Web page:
Vice President Mike Pence returned to Missouri Thursday to again campaign against Democratic Sen. Claire McCaskill and raise money for her opponent, pressuring her to support President Donald Trump’s second Supreme Court nominee.

“If Claire won’t vote to confirm a judge like Brett Kavanaugh, you need to vote to give Missouri a senator who will,” Pence said in St. Louis of the solidly conservative D.C. Circuit appellate judge.

Democrats Push Senate to Take Legal Action Backing Pre-existing Condition Protections
McCaskill and Manchin among leaders of the effort

Sen. Joe Manchin, D-W.Va., shakes hands with Attorney General Patrick Morrisey, who is also running for U.S. Senate, before the start of the Ripley 4th of July Grand Parade in Ripley, West Virginia on July 4. The two men are on opposite sides of a debate over pre-existing conditions that could become a part of their campaigns. (Sarah Silbiger/CQ Roll Call file photo)

Updated 3:15 p.m. | In a possible preview of Senate Democrats’ midterm political messaging, Democratic senators want the chamber to go to court to defend health insurance protections for people with pre-existing conditions.

Two of the Democrats leading the effort face Republican challengers in 2018 who have signed on to the legal effort that could undermine the regulations from the 2010 health care law: state attorneys general in Missouri, Josh Hawley, and West Virginia, Patrick Morrisey.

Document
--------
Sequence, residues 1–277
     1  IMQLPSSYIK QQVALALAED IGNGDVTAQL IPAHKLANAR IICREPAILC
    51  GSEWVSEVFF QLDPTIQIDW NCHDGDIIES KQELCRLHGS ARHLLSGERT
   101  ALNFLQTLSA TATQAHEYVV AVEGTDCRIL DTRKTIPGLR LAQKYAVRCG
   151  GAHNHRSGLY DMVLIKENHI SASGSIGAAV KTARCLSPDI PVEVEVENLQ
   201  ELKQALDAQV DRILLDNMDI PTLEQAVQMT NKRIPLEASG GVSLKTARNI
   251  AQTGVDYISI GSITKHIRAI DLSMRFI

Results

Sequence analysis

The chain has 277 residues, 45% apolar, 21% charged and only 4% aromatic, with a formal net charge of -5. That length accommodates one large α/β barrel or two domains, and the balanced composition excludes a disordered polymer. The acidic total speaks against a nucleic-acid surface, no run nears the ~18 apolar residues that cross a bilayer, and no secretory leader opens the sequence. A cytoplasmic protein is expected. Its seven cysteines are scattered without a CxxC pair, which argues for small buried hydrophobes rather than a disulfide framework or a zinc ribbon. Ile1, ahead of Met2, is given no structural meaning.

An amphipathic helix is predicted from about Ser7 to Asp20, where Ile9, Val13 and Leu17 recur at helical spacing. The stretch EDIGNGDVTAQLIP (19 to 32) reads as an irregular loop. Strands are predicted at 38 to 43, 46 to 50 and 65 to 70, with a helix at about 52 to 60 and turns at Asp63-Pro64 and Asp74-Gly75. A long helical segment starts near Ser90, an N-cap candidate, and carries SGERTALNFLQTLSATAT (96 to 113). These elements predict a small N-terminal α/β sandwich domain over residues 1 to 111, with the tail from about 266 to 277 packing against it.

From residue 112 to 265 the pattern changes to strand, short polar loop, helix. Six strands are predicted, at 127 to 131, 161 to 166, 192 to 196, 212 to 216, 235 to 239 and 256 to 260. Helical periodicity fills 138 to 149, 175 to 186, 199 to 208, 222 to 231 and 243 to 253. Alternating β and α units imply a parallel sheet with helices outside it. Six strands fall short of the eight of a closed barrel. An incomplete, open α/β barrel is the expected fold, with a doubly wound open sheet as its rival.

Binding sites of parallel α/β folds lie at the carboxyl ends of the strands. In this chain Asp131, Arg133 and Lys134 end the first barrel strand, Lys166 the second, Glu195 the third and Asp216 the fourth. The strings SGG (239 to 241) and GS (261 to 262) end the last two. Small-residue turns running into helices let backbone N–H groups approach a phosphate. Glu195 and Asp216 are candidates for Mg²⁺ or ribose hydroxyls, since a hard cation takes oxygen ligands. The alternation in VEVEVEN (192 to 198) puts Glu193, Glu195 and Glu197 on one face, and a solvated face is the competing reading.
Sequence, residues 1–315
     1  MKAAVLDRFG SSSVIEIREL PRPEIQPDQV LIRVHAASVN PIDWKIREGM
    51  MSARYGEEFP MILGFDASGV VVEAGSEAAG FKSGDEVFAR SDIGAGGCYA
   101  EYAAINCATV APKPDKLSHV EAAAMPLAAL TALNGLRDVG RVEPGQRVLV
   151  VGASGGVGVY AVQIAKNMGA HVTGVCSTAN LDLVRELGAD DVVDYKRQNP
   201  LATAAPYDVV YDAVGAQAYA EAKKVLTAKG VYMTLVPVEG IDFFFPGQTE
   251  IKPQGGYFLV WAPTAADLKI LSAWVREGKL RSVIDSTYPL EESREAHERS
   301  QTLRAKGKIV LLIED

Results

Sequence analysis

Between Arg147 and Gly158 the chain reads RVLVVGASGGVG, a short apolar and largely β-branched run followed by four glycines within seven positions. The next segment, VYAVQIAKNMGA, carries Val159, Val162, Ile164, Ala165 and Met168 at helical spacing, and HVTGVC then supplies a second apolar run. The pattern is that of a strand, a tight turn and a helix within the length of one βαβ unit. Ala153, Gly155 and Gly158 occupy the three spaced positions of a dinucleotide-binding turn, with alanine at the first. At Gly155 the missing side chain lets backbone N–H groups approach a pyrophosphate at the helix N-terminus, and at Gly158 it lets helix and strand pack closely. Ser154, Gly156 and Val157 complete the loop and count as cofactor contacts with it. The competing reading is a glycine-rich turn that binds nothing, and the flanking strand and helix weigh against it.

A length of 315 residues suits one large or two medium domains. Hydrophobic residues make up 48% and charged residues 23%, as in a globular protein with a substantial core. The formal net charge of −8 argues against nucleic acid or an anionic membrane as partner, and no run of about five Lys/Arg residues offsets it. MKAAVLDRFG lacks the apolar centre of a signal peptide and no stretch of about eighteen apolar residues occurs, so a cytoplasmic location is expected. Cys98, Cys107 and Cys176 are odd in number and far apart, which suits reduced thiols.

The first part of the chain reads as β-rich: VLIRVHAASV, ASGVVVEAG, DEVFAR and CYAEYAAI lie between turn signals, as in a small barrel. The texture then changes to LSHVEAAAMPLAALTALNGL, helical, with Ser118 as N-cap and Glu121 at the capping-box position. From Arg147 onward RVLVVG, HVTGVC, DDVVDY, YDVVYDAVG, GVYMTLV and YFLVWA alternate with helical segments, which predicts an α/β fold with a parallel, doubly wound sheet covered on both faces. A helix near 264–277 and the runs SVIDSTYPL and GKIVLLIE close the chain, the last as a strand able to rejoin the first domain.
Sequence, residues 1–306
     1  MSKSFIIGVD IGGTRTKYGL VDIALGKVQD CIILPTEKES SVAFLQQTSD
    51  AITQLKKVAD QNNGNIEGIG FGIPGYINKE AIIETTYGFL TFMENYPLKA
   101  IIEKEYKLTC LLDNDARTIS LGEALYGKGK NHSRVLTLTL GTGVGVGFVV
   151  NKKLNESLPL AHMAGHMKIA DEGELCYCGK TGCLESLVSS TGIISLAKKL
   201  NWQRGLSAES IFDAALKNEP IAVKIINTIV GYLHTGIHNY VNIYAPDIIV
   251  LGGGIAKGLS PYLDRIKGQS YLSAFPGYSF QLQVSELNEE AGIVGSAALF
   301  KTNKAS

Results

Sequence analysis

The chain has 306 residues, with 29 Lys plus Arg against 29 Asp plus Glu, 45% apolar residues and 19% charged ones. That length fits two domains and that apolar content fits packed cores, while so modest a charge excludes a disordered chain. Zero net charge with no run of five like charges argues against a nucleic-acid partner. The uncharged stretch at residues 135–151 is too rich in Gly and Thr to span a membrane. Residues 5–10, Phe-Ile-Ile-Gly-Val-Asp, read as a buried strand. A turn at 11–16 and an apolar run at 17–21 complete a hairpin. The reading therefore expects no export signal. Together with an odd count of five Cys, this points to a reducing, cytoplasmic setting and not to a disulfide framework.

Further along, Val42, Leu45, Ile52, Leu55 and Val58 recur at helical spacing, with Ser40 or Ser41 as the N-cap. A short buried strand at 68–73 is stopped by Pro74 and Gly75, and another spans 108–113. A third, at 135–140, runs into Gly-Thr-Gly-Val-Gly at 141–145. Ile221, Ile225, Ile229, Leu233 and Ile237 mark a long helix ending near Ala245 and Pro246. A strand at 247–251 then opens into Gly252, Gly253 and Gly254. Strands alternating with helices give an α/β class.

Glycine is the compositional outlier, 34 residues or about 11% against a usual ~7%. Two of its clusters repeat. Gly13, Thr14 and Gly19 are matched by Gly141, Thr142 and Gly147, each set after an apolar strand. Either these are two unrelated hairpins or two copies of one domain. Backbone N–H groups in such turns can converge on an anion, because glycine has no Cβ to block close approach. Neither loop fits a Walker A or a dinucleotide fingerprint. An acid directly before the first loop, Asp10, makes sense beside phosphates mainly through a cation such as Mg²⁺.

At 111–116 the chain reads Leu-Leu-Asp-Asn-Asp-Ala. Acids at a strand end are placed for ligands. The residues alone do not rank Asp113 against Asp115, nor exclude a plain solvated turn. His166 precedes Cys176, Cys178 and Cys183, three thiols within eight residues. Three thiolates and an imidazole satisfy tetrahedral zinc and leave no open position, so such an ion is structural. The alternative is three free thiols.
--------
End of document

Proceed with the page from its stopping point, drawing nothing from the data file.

Trump-Putin II: Second Meeting Being Planned Despite Confusion
POTUS on EU fine of Google: ‘I told you so!’

President Donald Trump and Russian President Vladimir Putin arrive for a joint press conference after their summit on Monday in Helsinki, Finland. (Chris McGrath/Getty Images)

The White House announced Thursday it is discussing a second Donald Trump-Vladimir Putin summit in Washington with the Kremlin, despite a partisan backlash over their Monday meeting.

White House press secretary Sarah Huckabee Sanders announced President Donald Trump instructed his national security adviser, John Bolton, to invite  Putin to the U.S. capital for a second summit, even as the confusing fallout continues from their initial summit.